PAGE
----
Following Baylor’s 38-27 win over Kansas State on Saturday night, Art Briles took turns pounding his chest in the general direction of both Big 12 commissioner Bob Bowlsby and the College Football Playoff selection committee, particularly ex-coaches Tom Osborne, Barry Alvarez and Tyrone Willingham.
“I’m not obligated to (Bowlsby). I’m obligated to Baylor University and our football team,” Briles said after cameras caught him in a tense exchange with Bowlsby on the podium. “And we just happen to be a part of the Big 12. And we happen to be the champion two years in a row. So they need to be obligated to us, because we’re helping the Big 12’s image in the nation.”
He then challenged the ex-coaches to view his Bears as they would view their own teams. “Coach (Tom) Osborne, who’s a Hall of Fame coach: If Nebraska had our résumé, would you have them in the final four?” Briles said. “Barry Alvarez with Wisconsin: If Wisconsin had our résumé, would you have them in the final four? Tyrone Willingham. Stanford, Washington, Notre Dame. If they had our résumé, would you vote them in the final four? That would be my case. Look at the résumés and then make a decision.”
It was a valiant effort, but it didn’t work. Baylor passed TCU, but it could not pass Ohio State. The Bears were ranked fifth, and instead of a Sugar Bowl date with No. 1 Alabama, they’ll settle for a Cotton Bowl berth against No. 8 Michigan State.
Speaking after the announcement on Sunday, Briles petitioned that regional bias is what did the Bears in.
“My opinion, since people are asking? I think the committee needs to be a little more regionalized with people that are associated with the south part of the United States,” Briles told ESPN.com. “I’ll say that. I’m not sure if there’s a connection on there that is that familiar with the Big 12 Conference. To me, that’s an issue.”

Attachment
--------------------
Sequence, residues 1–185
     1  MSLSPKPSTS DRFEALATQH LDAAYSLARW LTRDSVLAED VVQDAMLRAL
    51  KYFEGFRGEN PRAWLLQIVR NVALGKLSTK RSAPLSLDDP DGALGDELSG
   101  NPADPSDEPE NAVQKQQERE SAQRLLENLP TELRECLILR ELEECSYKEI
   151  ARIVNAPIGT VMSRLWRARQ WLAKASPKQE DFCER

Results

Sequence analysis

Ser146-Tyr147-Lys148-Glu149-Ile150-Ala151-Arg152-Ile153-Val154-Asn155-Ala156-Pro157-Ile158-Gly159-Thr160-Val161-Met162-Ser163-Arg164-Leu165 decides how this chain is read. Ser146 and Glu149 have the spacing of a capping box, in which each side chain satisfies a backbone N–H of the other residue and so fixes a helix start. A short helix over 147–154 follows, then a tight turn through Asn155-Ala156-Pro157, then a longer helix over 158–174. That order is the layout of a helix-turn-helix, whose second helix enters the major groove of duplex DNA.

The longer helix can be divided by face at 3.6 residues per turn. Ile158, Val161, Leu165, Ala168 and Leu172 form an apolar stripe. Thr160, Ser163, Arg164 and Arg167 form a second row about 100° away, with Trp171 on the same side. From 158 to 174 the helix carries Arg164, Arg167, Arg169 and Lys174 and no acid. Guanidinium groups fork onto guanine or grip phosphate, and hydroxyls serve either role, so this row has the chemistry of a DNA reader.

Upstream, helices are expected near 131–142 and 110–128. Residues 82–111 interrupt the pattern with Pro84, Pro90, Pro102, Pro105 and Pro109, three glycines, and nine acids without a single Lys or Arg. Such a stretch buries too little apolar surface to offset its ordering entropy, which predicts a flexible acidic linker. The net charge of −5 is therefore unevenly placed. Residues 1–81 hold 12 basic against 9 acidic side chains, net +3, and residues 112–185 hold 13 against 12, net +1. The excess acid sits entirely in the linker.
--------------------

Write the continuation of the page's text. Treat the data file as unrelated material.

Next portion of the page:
The Big 12 is represented on the committee by West Virginia athletics director Oliver Luck, but he’s not exactly a born-and-bred Southerner. Luck was raised in Cleveland and played at West Virginia well before the Mountaineers were rubbing elbows with the likes of Texas, Baylor and Oklahoma.
For his part, Briles had a few names in mind to make the 2015 committee a little more Southern-fried, offering former Texas Tech coach Spike Dykes, former Texas coach Mack Brown and former Texas A&M coach R.C. Slocum on SportsCenter as candidates he’d like to be considered.
“When Archie Manning went off, I said we’re in trouble,” Briles said. “I know Archie. He’s a friend. He understands football down here. When he went off that committee, we were in trouble. We need a voice. We need a voice.”
Is it paranoia? Sure. But it’s hard to blame Briles after a cosmic turn of events saw Ohio State’s 59-0 win on Saturday night come against the very team whose athletics director happens to be an influential member of the selection committee, and someone who happens to be a College Football Hall of Fame coach, in Alvarez.
Briles also stated – correctly – that the Big 12’s One True Champion slogan worked against Baylor, downgrading both his Bears and co-champion TCU. “I think the way the format played out, the waters got muddied a couple weeks ago with saying we’d be presented as co-champs. I think that hurt the cause for both of us, quite honestly.”
So while Baylor’s righteously frustrated coach spent his Saturday night and Sunday afternoon offering pointed and thought-provoking criticism of both the Big 12 and the College Football Playoff selection committee, there is one major point he managed to ignore: had the Bears played a tougher non-conference schedule, none of these suggestions would be necessary.